What was the point of the NFL’s new reviewable pass interference rule if this isn’t called offensive pass interference?
On the game-winning overtime play for the Vikings, Minnesota tight end Kyle Rudolph extended his arms and pushed off of Saints defensive back P.J. Williams. It seems like the textbook definition of PI, and yet when officials reviewed this play, they determined that no pass interference occurred. Game, set, skol—the Vikings win 26-20, and are moving on to Santa Clara to take on the 49ers in the NFL’s divisional round.
This wasn’t the most consequential or tragic play in the Saints’ loss (we’ll get to some others), but it was the most unbelievably ironic. Last season, the Saints lost to the Rams in the NFC championship game in part due to a botched no-call on what was obvious pass interference. They spent the offseason lobbying for the NFL to make such calls reviewable … and then lost on a botched no-call on what was obvious pass interference anyway.
This has been par for the course. All season long, NFL officials have been highly reluctant to overturn pass interference calls or no-calls, despite the fact that they regularly overturn other calls all the time. The result is a bizarre dichotomy in how pass plays are reviewed versus how every other play is reviewed.
This is the third time in the past three years that the Saints’ season has ended in heartbreak. Before these last two no-calls, there was the Minneapolis Miracle. It’s an incredible run of sadness, and this year particularly stings. The Saints were unlucky just to be playing on wild-card weekend. The 49ers and Packers beat them out for byes, and now New Orleans is the first 13-3 team to ever be eliminated before the NFL’s divisional round. They’re also the first team ever to finish back-to-back seasons at 13-3 and not make a Super Bowl appearance. The level of tragedy is becoming historic:
Saints are now the first team in NFL history to have six straight playoff eliminations by one score and the second team since the Packers from 2013-15 to be eliminated in three straight postseasons on the final play of the game.— Adam Schefter (@AdamSchefter) January 5, 2020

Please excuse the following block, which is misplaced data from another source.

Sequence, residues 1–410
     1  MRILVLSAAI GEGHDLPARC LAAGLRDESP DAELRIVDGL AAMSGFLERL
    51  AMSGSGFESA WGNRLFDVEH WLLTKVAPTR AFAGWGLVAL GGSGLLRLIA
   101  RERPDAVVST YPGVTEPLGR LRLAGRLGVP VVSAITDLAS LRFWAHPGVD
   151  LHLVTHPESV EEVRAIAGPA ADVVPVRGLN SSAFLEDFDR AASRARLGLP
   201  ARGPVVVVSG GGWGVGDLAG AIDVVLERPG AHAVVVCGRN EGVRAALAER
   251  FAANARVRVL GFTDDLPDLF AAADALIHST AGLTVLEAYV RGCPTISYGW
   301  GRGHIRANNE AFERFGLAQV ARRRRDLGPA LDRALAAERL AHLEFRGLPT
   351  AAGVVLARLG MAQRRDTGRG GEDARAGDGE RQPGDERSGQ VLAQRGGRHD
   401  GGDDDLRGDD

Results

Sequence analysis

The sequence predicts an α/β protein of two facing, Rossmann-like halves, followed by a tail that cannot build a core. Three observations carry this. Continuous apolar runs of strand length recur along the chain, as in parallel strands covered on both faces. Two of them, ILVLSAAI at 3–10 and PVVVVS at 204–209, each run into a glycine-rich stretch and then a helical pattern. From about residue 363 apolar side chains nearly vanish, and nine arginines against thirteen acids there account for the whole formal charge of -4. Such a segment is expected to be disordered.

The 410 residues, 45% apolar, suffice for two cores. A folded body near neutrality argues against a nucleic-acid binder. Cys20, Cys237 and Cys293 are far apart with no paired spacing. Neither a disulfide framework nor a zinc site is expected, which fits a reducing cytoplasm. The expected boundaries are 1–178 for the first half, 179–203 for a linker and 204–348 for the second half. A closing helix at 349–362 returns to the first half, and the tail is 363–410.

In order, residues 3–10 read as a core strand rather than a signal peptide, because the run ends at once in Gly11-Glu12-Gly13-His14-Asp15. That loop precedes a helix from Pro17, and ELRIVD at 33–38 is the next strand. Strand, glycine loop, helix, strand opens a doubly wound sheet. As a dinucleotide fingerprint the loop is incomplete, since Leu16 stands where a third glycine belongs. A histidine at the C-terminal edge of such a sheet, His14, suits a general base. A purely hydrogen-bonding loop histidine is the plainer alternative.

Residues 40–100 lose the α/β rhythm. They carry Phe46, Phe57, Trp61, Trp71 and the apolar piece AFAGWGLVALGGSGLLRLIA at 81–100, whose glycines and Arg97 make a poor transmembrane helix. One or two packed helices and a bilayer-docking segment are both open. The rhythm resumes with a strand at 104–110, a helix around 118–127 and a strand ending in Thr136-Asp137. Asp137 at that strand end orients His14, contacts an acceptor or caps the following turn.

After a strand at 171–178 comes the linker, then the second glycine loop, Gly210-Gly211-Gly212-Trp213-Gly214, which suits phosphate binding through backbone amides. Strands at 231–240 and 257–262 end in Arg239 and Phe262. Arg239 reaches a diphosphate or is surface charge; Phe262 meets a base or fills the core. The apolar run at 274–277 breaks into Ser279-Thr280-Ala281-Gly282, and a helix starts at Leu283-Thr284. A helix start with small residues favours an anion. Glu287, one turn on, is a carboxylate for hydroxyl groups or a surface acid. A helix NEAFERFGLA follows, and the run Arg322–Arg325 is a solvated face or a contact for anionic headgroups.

Of course, the Saints weren’t eliminated solely because of one no-call. They also blew it. New Orleans scored 10 points in the first three quarters of the game, putting themselves in a 20-10 hole to open the fourth quarter. And while they rallied to tie the game, they missed several opportunities to win. With just over four minutes left in the game, the Saints drove 37 yards down the field, putting the Vikings on their heels. Then Brees put the football on the turf for the first time all season:
On the ensuing Vikings possession, Sean Payton incorrectly used his timeouts. He took his second timeout with 2:54 remaining and the Vikings facing a nearly impossible third-and-19. Kirk Cousins was sacked on the next play, but Payton didn’t use another timeout. Then on the ensuing punt, Deonte Harris attempted a return rather than call for a fair catch, which brought the clock to the two-minute warning, rather than save the two-minute stoppage for when the Saints were on offense.
If Payton had called both his timeouts immediately, he would have had another 40 seconds or so on the clock, plus the two-minute warning. If he’d called neither timeout, he still would have gotten the ball at the two-minute warning, but would have had two timeouts in his pocket. By splitting the difference, he essentially wasted a timeout for nothing.
On the following drive, the Saints moved the ball into field goal range, but then suffered a false start on what should have been a routine spike. That cost the team 5 yards and triggered an automatic 10-second runoff, bringing the clock down to 11 seconds left—a runoff they could have prevented had they used their last timeout. Instead, they threw an incompletion on the next play, and then kicked the game-tying field goal. They never even used the timeout they saved.
A year ago, the Saints also had plenty of opportunities to win against the Rams—it wasn’t just the missed pass interference call. The same was true in this game. It’s taken a confluence of poor execution and bad luck to defeat the Saints in each of the past three offseasons. And any way you slice it, it’s tragic.
After the game, Saints linebacker Demario Davis rationalized the loss by saying “You have to realize it’s the end of a chapter and not a book.” It’s true, there is always next season—but the past three chapters have ended in brutal sadness. How much will postseason tragedy define Brees’s and Payton’s legacies?
Brees is already a bit of an oddball of his quarterbacking generation. He has a ring, and he has the all-time passing records, but he’s been to only one Super Bowl, quarterbacked a handful of seven-win teams, and has never won an MVP. And now he has the playoff disasters. His records will be passed in due time, and without those his all-time legacy will look sparse next to so many of his peers.
Brees will turn 41 in a couple of weeks. He already shows signs of decline: He rarely throws the ball downfield anymore and doesn’t have the same zip on all of his throws. His days of eclipsing 5,000 passing yards in his sleep are long over. Unless a new, more fruitful chapter writes itself next year, these playoff snafus will make up a huge part of the legacy of one of the league’s greatest passers ever. There’s no one person to blame—it’s on the officials, the roster, Payton, and Brees himself. But no matter what, it’s a bummer.